Based on this background and my study of current new offerings, summarized above, I have noticed a couple of recent developments that I believe are of interest. The first is that a particular knife pattern seems to be gaining traction in the Case product mix.
I noticed the Tear Drop pattern was included in several of the new Spring 2016 knife families and was also being added to some families in the 2016-2017 core product group. I checked this on the Case website and discovered that there are currently (January 2016) twenty seven knife models offered in the Tear Drop pattern. Fourteen of these are new, so the Tear Drop models available have doubled with the latest product listings. Apparently this pattern has proven popular in recent times, so Case is expanding its production.
Briefly, the Tear Drop is a 3-5/8 inch (closed length) jack knife, with a 2-1/4 inch main blade. Case is making it in 1-blade spear or Wharncliffe models and also in a spear plus pen blade configuration. The knife is large enough to do some work, but has a pocket friendly shape and light carry weight (1-1/2 ounces). I would say that it has merit as what I call a dress carry knife.
A second development is that the family of knives featuring the 6.5 BoneStag handle material has been promoted from seasonal catalog status into the core product line. The handle scales are cattle bone that is dyed, carved and torched to resemble stag horn. The result is impressive.
I did a review of one of these knives last year (Case Mini Trapper Pocket Knife) and I suggested that the excellent handle treatment might merit them becoming standard production items. Case has done this, and has added three more patterns to the eight that were included when the family was listed as a seasonal item. The Large Stockman with 6.5 BoneStag handle scales, below, may convey an idea of what the fuss is about.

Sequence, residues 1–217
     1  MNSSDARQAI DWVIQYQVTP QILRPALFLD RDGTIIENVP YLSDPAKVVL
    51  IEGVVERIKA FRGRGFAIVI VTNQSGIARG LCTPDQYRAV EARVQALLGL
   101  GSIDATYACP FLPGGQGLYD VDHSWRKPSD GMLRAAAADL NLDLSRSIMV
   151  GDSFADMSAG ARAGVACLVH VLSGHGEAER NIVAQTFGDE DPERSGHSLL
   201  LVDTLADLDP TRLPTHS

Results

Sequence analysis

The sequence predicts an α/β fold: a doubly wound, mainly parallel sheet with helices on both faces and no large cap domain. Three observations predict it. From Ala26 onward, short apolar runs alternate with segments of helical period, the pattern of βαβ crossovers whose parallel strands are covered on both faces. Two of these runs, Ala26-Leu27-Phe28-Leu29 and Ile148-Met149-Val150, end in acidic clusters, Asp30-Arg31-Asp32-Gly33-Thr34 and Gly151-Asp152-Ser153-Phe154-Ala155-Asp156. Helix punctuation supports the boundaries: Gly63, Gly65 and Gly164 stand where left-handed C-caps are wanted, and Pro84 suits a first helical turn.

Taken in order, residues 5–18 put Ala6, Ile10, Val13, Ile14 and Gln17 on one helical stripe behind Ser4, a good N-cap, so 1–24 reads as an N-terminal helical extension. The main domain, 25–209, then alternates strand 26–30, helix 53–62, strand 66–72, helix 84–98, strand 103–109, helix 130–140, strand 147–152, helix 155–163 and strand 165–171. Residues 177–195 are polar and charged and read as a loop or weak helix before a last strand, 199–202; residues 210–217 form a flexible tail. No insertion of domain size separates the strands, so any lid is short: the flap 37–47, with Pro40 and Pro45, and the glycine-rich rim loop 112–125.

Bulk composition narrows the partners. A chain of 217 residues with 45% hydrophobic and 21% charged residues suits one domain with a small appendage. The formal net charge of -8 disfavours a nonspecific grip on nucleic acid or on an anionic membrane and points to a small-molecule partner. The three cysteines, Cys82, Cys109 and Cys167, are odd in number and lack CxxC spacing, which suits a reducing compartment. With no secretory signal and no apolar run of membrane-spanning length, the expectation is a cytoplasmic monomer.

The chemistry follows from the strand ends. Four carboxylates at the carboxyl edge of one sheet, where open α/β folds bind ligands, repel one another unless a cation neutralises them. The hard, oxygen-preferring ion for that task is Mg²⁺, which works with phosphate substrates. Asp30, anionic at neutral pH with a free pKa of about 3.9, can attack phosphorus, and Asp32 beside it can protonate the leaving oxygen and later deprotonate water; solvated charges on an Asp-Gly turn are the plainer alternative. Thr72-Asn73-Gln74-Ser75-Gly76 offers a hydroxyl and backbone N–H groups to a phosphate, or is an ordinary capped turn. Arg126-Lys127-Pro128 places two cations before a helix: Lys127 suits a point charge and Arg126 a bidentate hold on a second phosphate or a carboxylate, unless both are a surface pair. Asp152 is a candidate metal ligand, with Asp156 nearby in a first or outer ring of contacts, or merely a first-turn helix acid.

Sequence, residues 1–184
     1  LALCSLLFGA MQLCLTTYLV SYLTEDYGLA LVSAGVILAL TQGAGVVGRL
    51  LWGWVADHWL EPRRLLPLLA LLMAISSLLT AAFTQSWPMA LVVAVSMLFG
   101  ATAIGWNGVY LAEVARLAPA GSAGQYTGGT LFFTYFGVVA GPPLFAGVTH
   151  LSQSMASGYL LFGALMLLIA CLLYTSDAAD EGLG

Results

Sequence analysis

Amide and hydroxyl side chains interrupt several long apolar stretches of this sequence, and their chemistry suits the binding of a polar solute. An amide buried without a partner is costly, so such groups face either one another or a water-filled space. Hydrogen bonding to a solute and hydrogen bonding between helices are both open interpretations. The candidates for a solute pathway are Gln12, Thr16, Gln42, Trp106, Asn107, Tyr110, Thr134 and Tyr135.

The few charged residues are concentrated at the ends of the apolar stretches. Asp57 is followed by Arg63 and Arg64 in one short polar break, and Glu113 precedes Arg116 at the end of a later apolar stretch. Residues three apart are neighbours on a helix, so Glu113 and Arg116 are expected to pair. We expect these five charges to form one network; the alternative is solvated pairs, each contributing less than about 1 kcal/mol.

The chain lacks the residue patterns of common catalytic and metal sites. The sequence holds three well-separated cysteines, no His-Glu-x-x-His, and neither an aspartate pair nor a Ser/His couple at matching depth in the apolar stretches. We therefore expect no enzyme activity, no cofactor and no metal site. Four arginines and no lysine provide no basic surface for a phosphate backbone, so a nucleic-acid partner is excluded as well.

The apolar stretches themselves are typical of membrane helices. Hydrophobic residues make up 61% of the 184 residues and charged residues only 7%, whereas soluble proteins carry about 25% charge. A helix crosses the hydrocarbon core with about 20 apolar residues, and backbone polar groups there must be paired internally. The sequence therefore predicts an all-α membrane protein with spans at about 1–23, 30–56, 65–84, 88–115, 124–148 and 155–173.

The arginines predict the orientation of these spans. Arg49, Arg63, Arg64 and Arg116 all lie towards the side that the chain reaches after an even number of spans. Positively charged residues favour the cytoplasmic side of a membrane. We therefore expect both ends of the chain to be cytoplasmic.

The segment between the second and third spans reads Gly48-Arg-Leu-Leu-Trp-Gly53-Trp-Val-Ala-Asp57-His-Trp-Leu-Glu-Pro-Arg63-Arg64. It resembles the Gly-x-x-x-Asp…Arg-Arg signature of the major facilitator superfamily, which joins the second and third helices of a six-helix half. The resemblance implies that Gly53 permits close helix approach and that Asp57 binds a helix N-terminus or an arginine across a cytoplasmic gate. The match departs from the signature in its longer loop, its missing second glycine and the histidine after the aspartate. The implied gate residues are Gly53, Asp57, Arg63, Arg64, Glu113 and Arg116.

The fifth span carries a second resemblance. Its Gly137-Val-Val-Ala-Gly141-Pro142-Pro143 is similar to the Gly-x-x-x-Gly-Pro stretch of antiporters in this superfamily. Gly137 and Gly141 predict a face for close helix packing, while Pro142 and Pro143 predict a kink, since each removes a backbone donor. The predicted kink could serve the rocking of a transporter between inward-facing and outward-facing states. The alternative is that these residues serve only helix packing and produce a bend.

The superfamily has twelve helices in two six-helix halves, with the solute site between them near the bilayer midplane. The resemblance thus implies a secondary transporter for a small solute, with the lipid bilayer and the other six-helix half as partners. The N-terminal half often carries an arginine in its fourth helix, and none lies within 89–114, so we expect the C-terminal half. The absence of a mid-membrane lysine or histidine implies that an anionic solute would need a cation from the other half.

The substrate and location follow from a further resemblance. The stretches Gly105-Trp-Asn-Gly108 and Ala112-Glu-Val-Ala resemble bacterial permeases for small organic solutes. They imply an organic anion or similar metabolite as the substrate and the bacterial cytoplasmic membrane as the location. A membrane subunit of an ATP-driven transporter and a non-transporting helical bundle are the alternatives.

Case Large Stockman 6.5375 SS. Image courtesy of wrcase.com.
Finally, I want to revisit a point made earlier, that the Case seasonal offerings come and go. In the spring of 2014, one of the seasonal families featured jigged Magenta Bone handles. One of these knives caught my eye, so I bought it. This knife, which I reviewed in the article Case Mini Copperhead Pocket Knife, has become my favorite dress carry knife. However, the spring of 2014 was the only time that the Magenta Bone knife family was offered. Some knife families catch on in the marketplace, while others do not.
Case is the biggest gorilla in the jungle of traditional styled, production pocket knives. They offer more models and variations of pocket knives than any other maker.
They have proven market performers in their core product line and they are constantly stirring the marketing pot with new products in their seasonal lines each year. Current new offerings number over a hundred, between new seasonal knife models and knives added to the core product families. It makes for an interesting situation for anyone who is partial to Case knives, or for one who likes traditional knives and is looking for something out of the ordinary.
Copyright 2016 by Gary Zinn and/or chuckhawks.com. All rights reserved.